A Productivity Target to Reshape the Development Agenda
Of all the Sustainable Development Goals in the 2030 agenda that will be adopted by United Nations (UN) members later this month, the goals that relate to jobs and productivity are amongst the innovative ones that can change the development agenda. It was surprising that it took so long to get these important issues on the development agenda (the Millennium Development Goals were mostly silent on these) but the outcome document for formal adoption by the UN General Assembly in September) includes targets such as:
This is very good news as these targets directly incorporate support poor country development concerns such as the African Union 2063 agenda. Productivity increases and innovation are the only ways towards economic transformation and sustained increases in incomes. When done well no one is left behind. Innovation can improve health (e.g. through penicillin), social (mobile technology for poor farmers) or environmental (through energy efficiency technology) outcomes, thus lying at the intersection of all economic, social and environmental dimensions of the SDGs. Economic transformation and increases in productivity that will reduce commodity price dependence and attract long-lasting investment is also the best domestic response to the perfect storm currently threatening low income countries: an increase in the US yield curve, a rapid slowdown in emerging markets including China, weak global trade and low commodity prices.
This leads to the follow up question on what benchmark can be used for a productivity target?
The SDGs include a 7 per cent growth target for LDCs, echoing the 2011 Istanbul Plan of Action. But economic growth alone will not be able to sustain growth unless it is accompanied by productivity change and economic transformation. Total factor productivity is difficult to measure, so many experts use labour productivity (value addition per employed person) instead. The literature distinguishes between labour productivity growth that occurs within sectors (e.g. firms becoming more productive) and through moving from low productivity to high productivity sectors (structural change).
It is not easy to obtain high quality sectoral data on employment and value addition, but an ODI programme is collecting and comparing different data sources. For example, data collected carefully by the University of Groningen at the sector level have been used to show how sub-Saharan African countries suffered premature deindustrialisation whereby labour flowed from high to low productivity sectors in the 1990s, but since 2000 there has been a reversal of labour moving from agriculture especially to services activities.
Our own work using ILO and UN data for a sample of 14 countries in Sub-Saharan Africa (incl. DRC, Ethiopia, Ghana, Kenya, Liberia, Malawi, Mozambique, Nigeria, Rwanda, Sierra Leone, South Africa, Tanzania, Uganda and Zambia) show that the mean of labour productivity growth increased from 0.2% in the 1990s, to 2.8% between 2000-2005 and an impressive 3.6% over 2005-2013, of which more than two fifths owes to structural change between sectors.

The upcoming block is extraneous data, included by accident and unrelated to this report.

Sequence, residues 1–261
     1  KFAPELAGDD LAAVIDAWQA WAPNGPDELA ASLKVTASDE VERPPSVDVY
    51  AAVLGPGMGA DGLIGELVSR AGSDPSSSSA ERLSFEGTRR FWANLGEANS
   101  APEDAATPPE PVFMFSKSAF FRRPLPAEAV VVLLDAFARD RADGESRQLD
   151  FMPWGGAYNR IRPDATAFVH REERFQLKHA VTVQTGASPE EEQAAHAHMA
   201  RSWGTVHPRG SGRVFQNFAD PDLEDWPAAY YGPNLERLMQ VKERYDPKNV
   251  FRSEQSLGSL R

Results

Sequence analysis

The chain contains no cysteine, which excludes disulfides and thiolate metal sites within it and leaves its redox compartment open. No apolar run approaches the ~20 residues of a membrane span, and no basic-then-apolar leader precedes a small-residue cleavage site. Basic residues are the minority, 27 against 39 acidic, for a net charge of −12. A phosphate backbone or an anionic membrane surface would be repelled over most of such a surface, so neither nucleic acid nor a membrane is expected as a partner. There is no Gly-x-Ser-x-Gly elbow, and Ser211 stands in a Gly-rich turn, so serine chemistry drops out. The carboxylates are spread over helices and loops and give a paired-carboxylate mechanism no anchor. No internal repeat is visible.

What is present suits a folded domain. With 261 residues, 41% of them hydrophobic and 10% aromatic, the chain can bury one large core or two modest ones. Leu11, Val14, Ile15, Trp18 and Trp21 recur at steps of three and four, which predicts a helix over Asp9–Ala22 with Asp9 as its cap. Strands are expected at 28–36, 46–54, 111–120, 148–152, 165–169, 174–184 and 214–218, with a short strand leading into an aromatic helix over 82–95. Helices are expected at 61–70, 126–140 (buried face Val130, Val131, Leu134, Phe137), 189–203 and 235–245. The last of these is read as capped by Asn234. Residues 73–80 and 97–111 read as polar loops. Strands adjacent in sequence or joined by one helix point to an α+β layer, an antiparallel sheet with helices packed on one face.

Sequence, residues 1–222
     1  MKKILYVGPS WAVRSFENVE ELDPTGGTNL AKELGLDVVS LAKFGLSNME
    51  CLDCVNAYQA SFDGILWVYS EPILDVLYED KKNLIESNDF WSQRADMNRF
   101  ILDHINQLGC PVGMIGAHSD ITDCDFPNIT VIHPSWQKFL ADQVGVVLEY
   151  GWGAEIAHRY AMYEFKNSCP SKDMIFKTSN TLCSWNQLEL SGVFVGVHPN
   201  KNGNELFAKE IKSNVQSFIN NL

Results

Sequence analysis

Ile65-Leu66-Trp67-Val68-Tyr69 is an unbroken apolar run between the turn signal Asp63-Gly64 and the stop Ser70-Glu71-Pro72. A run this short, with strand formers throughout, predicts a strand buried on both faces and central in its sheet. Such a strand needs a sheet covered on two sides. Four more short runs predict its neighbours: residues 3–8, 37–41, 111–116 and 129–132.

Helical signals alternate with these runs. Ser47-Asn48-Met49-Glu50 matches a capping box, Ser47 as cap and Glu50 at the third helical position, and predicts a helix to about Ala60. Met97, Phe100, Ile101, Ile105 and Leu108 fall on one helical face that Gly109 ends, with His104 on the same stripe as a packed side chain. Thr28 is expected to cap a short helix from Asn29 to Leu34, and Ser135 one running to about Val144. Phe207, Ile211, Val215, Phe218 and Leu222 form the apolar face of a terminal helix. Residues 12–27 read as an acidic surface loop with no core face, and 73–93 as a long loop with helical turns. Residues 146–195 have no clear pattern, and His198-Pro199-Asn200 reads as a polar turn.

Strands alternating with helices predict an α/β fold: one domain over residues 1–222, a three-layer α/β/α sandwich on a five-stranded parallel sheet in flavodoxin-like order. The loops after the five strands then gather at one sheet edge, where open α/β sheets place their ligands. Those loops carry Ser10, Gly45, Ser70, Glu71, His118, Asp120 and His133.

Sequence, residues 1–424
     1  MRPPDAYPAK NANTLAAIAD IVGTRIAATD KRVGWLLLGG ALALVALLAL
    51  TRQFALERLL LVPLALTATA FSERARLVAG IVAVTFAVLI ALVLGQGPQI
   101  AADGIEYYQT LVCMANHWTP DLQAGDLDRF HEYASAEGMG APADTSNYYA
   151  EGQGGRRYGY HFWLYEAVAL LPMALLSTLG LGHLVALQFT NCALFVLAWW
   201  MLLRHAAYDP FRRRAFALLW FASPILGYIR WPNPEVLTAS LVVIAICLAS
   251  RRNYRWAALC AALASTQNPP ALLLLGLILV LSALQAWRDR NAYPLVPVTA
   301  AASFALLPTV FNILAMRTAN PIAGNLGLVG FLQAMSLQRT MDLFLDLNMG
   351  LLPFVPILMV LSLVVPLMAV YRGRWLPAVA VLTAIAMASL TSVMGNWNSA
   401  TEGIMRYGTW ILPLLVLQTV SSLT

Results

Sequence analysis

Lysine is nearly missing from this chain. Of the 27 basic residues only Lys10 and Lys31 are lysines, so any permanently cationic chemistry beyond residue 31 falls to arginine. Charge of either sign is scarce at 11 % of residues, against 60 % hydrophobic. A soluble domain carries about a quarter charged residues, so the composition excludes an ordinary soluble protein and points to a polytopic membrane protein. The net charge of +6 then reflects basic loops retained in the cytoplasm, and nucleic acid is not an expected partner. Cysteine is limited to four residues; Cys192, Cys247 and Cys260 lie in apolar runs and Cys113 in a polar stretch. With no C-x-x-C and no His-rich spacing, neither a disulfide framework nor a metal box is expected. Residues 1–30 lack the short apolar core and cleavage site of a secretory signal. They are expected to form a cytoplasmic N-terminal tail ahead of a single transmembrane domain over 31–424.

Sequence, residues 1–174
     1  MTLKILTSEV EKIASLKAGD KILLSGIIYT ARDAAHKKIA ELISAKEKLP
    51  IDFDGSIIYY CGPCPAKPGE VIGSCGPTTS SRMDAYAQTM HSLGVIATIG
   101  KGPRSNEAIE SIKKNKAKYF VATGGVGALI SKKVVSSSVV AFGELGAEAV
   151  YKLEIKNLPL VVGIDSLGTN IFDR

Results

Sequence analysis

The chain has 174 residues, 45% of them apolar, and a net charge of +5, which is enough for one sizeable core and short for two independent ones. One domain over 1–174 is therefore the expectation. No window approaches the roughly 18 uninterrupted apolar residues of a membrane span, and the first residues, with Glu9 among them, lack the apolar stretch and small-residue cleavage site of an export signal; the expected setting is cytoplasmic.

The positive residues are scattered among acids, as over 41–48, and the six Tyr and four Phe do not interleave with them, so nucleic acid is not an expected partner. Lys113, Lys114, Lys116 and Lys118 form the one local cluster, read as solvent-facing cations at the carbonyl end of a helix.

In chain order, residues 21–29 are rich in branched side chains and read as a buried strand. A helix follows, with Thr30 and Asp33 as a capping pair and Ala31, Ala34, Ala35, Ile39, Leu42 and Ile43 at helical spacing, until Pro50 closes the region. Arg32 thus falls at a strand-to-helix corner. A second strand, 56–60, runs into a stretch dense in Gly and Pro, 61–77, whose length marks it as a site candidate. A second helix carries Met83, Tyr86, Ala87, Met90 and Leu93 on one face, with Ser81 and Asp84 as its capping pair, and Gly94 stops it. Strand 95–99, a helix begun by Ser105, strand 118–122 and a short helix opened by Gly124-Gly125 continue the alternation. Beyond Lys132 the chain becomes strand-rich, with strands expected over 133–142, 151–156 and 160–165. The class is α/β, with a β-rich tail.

There are large differences across countries, e.g. our work in Nigeria suggested very little economic transformation and structural change reduced labour productivity by 0.5% annually over 2005-2013, whilst our Tanzania work suggests labour productivity increased by 3.0 per cent since 2005, with structural change accounting for three quarters (albeit from a low base, and a low manufacturing share).
Using labour productivity and its decompositions is a useful step towards an SDG indicator. One can argue about the appropriate labour productivity target for 2015-2030, but one option would be to extrapolate estimates for sub-Saharan African countries which range between 2-3% annual growth over the last decade, with structural change contributing around 0.75%.
A labour productivity target for the poorest countries will help to set an important signal to countries on the need to transform their economies for sustained job creation. Countries can then use these targets to consider appropriate policies and roles of public and private sector. Our work suggests the following important steps: (i) data analysis; (ii) policy analysis; (iii) policy implementation. These steps could yield important insights, e.g. on how much transformation is really taking place, what are the major constraints and policies for transformation, and how can such policies best be implemented. Thus a productivity target could be a first step in stimulating the right policy and institutional responses, domestic as well as international including development finance institutions.